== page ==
Thursday, August 31, 2006

Tuesday, August 29, 2006

So, Rand...

I actually just made myself laugh out loud. I felt like a crazy, old cat lady -- minus the cats -- alone in my little apartment laughing at myself.

See, I've been listening to both the Jimi Hendrix original "Bold as Love" and the new John Mayer cover of it -- you know, for analytical purposes. Well, I was sitting here at my computer, wasting time by looking at Seattle Weekly online, and singing the song. (It wasn't long before I realized that I could have been listening to the real musicians sing the actual songs via iTunes.) The end of the chorus goes, "Yeah, they're all bold as love / Just ask the axis." Now, honestly, I wasn't even aware I was singing. You see, that's what happens when you're the cat lady. You start performing socially unacceptable behaviors without any cognition of it. But a little something jolted me out of my neurosis: I sang the lyrics like this, with every ounce of sincerity that I have, "Yeah, they're all bold as love / Just ask the atlas."

Okay, I realize that it's not that funny. After all, I think the atlas is more capable of answering any kind of question than the axis. It's just, well, that my subconscious self wholeheartedly believed that those were the lyrics. I guess you had to be there, but of course you weren't or I wouldn't have been singing to begin with. I hope.

Wednesday, August 23, 2006


Thank God.

I got to listen to a preview of John Mayer's new record tonight on Star 98.7. All I can say is that it is convincing. Believable. Know what I mean? It doesn't seem like he's trying to be anything. I know he's said that he wouldn't release it until it felt perfect, and I think he did a good job. No song, from what I can tell from one listen, seems like it was thrown in for the sake of having another song. I'm not sure if this makes sense, but this record feels 3-D. Each song does. It makes everything that came before it feel a little on the thin side.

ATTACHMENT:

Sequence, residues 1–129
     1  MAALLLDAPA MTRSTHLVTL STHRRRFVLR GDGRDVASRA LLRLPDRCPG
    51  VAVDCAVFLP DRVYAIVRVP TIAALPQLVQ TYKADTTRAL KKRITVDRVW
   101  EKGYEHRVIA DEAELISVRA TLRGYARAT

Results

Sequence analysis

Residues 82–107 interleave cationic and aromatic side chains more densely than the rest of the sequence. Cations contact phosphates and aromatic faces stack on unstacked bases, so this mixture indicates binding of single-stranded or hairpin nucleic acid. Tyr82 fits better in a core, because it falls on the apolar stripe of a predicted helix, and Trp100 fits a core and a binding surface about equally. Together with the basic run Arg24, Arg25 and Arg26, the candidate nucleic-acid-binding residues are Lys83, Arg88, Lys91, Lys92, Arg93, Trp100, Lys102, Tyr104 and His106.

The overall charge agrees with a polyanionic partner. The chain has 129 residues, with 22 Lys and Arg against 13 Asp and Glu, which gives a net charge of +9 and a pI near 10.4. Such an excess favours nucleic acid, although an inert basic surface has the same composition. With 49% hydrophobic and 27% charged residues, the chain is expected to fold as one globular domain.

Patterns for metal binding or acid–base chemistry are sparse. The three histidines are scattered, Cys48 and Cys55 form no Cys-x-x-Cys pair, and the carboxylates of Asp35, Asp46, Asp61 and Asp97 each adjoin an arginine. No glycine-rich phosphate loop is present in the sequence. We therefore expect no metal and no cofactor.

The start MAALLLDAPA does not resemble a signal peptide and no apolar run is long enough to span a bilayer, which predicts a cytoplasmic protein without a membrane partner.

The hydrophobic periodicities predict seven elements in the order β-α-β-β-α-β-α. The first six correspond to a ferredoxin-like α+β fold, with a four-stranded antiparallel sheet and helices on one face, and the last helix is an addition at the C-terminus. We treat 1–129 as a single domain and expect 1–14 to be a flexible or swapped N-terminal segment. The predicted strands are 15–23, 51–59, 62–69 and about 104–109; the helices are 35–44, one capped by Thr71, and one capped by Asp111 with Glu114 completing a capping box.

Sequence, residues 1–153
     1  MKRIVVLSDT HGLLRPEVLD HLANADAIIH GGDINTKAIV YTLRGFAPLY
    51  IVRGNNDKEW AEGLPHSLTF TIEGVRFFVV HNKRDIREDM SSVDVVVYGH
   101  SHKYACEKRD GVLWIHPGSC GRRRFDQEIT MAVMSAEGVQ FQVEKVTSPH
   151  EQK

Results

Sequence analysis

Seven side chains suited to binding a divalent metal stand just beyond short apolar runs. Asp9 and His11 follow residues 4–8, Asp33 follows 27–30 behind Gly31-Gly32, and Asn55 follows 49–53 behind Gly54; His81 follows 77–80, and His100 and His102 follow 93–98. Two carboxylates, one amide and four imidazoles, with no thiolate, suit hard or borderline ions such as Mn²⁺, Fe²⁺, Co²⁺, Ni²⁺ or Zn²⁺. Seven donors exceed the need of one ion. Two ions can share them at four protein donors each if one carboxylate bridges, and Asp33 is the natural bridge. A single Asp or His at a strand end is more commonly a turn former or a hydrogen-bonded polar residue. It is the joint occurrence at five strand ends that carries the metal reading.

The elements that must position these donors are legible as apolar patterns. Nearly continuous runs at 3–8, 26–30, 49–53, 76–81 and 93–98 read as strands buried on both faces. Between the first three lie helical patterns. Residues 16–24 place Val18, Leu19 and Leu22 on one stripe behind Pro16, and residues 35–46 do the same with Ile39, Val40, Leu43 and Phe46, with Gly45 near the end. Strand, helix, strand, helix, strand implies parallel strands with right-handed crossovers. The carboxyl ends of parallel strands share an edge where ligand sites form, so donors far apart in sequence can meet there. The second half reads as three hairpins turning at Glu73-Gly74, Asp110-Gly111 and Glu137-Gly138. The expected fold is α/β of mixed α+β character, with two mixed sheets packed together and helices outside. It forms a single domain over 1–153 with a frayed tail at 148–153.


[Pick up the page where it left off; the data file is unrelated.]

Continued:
But anyway, you can ignore all this because love at first sight isn't reliable. We'll see, though.

And P. S. This article is a good example of why I love John Mayer. He uses the word "opine" for goodness' sake. What more might one ask for?

Tuesday, August 22, 2006

Down home, down low

Every great now and then, I try to cook something. Indeed, I was inspired the description Jenny gave last night of her most recent culinary masterpiece that sounded vaguely reminiscent of something baked in a wood-fired oven full of hand-hewn cedar chips fresh from the Alaskan forest. In creative response, I -- of course -- decide that I'm going to try my hand at turnip greens.

First off, I am not sure what my recent obsession with turnip greens is. On a whim, I tried some at the Shoney's in Donelson, and they were amazing. Granted, I've had turnip greens before, but these really struck my fancy. Ever since that fateful encounter, I have been on the hunt for turnip greens as good as these. Several plate lunches later, I am still at a loss. And the canned versions at the store look like the same lumpy mush I get in the restaurants -- not the leafy glory from Shoney's. So today, while perusing the produce at WalMart, I decide I'm going to cook my own. Fresh.

After piecing together the logical parts of about three recipes I found online, I cooked me some turnip greens. I even "cooked them down real low" -- whatever that means -- as every person who celebrates the turnip green knows is the proper preparation. And what do I get? Mush.

This is why I don't cook. I mean, my greens were edible and all, but I would just as soon go to Shoney's. And that's why I will live my life broke.

Sunday, August 20, 2006